default, which is the kernel image the system has booted from.
-n Show network addresses and ports as numbers. Normally netstat
attempts to resolve addresses and ports, and display them symboli‐
-W In certain displays, avoid truncating addresses even if this causes
some fields to overflow.
The default display, for active sockets, shows the local and remote
addresses, send and receive queue sizes (in bytes), protocol, and the
internal state of the protocol. Address formats are of the form
“host.port” or “network.port” if a socket's address specifies a network
but no specific host address. When known, the host and network addresses
are displayed symbolically according to the databases hosts(5) and
networks(5), respectively. If a symbolic name for an address is unknown,
or if the -n option is specified, the address is printed numerically,
according to the address family. For more information regarding the
Internet IPv4 “dot format”, refer to inet(3). Unspecified, or
“wildcard”, addresses and ports appear as “*”.
The interface display provides a table of cumulative statistics regarding
packets transferred, errors, and collisions. The network addresses of
the interface and the maximum transmission unit (“mtu”) are also dis‐
The routing table display indicates the available routes and their sta‐
tus. Each route consists of a destination host or network, and a gateway
to use in forwarding packets. The flags field shows a collection of
information about the route stored as binary choices. The individual
flags are discussed in more detail in the route(8) and route(4) manual
pages. The mapping between letters and flags is:
1 RTF_PROTO1 Protocol specific routing flag #1
2 RTF_PROTO2 Protocol specific routing flag #2
3 RTF_PROTO3 Protocol specific routing flag #3
B RTF_BLACKHOLE Just discard pkts (during updates)
b RTF_BROADCAST The route represents a broadcast address
C RTF_CLONING Generate new routes on use
c RTF_PRCLONING Protocol-specified generate new routes on use
D RTF_DYNAMIC Created dynamically (by redirect)
G RTF_GATEWAY Destination requires forwarding by intermediary
H RTF_HOST Host entry (net otherwise)
L RTF_LLINFO Valid protocol to link address translation
M RTF_MODIFIED Modified dynamically (by redirect)
R RTF_REJECT Host or net unreachable
S RTF_STATIC Manually added
U RTF_UP Route usable
W RTF_WASCLONED Route was generated as a result of cloning
X RTF_XRESOLVE External daemon translates proto to link address
Direct routes are created for each interface attached to the local host;
the gateway field for such entries shows the address of the outgoing
interface. The refcnt field gives the current number of active uses of
the route. Connection oriented protocols normally hold on to a single
route for the duration of a connection while connectionless protocols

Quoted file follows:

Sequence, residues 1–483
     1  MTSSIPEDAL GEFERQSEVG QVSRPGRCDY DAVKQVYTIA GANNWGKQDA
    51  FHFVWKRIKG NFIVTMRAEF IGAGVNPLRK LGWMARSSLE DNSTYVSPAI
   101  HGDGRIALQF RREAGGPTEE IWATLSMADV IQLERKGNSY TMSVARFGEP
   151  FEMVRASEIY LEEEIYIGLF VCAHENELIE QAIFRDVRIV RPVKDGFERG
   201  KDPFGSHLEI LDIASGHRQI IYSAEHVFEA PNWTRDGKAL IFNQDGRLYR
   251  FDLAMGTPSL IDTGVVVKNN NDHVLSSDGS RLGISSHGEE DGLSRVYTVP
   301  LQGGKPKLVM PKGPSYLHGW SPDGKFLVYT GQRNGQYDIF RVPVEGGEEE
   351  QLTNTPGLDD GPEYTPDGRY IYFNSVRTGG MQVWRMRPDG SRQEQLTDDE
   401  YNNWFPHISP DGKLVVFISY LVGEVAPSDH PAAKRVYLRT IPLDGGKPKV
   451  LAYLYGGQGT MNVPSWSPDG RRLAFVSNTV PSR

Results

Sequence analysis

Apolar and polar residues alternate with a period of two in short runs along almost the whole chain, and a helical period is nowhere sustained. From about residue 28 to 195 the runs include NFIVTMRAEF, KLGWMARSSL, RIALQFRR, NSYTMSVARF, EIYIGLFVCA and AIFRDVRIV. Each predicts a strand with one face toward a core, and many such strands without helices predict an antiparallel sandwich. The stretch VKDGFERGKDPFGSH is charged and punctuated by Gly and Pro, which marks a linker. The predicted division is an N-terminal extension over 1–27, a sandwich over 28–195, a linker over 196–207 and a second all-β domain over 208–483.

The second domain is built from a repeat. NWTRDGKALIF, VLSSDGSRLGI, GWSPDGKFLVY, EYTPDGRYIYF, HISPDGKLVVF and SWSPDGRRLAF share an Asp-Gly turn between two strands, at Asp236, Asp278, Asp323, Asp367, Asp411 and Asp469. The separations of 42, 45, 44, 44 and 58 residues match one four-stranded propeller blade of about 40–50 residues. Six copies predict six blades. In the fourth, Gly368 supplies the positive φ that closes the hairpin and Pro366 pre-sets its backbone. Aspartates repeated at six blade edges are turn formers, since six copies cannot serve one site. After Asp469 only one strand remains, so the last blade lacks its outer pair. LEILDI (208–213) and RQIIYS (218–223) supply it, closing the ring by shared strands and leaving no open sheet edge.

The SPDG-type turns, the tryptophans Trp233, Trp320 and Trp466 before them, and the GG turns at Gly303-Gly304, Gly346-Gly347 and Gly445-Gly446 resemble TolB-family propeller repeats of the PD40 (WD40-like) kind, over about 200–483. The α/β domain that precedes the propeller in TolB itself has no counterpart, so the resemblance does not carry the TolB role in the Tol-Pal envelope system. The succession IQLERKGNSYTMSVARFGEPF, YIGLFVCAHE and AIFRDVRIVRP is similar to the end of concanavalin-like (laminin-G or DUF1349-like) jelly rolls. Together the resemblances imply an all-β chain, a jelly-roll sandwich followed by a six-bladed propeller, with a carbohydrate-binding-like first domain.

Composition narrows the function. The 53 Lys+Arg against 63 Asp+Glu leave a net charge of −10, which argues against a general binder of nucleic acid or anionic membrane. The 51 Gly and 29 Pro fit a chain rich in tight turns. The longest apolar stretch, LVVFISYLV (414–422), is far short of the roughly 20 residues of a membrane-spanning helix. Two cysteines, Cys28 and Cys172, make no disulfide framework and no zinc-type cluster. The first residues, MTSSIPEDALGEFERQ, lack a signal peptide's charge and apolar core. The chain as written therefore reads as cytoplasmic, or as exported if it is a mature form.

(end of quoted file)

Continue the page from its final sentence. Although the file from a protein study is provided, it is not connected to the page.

obtain a route while sending to the same destination. The use field pro‐
vides a count of the number of packets sent using that route. The inter‐
face entry indicates the network interface utilized for the route.
When netstat is invoked with the -w option and a wait interval argument,
it displays a running count of statistics related to network interfaces.
An obsolescent version of this option used a numeric parameter with no
option, and is currently supported for backward compatibility. By
default, this display summarizes information for all interfaces. Infor‐
mation for a specific interface may be displayed with the -I option.
The bpf(4) flags displayed when netstat is invoked with the -B option
represent the underlying parameters of the bpf peer. Each flag is repre‐
sented as a single lower case letter. The mapping between the letters
and flags in order of appearance are:
p Set if listening promiscuously
i BIOCIMMEDIATE has been set on the device
f BIOCGHDRCMPLT status: source link addresses are being filled auto‐
s BIOCGSEESENT status: see packets originating locally and remotely on
a Packet reception generates a signal
l BIOCLOCK status: descriptor has been locked
For more information about these flags, please refer to bpf(4).
The -x flag causes netstat to output all the information recorded about
data stored in the socket buffers. The fields are:
R-MBUF Number of mbufs in the receive queue.
S-MBUF Number of mbufs in the send queue.
R-CLUS Number of clusters, of any type, in the receive queue.
S-CLUS Number of clusters, of any type, in the send queue.
R-HIWA Receive buffer high water mark, in bytes.
S-HIWA Send buffer high water mark, in bytes.
R-LOWA Receive buffer low water mark, in bytes.
S-LOWA Send buffer low water mark, in bytes.
R-BCNT Receive buffer byte count.
S-BCNT Send buffer byte count.
R-BMAX Maximum bytes that can be used in the receive buffer.
S-BMAX Maximum bytes that can be used in the send buffer.
SEE ALSOfstat(1), nfsstat(1), procstat(1), ps(1), sockstat(1), bpf(4), inet(4),
route(4), unix(4), hosts(5), networks(5), protocols(5), services(5),
iostat(8), route(8), trpt(8), vmstat(8), mbuf(9)HISTORY
The netstat command appeared in 4.2BSD.
IPv6 support was added by WIDE/KAME project.
The notion of errors is ill-defined.
BSD January 10, 2010 BSD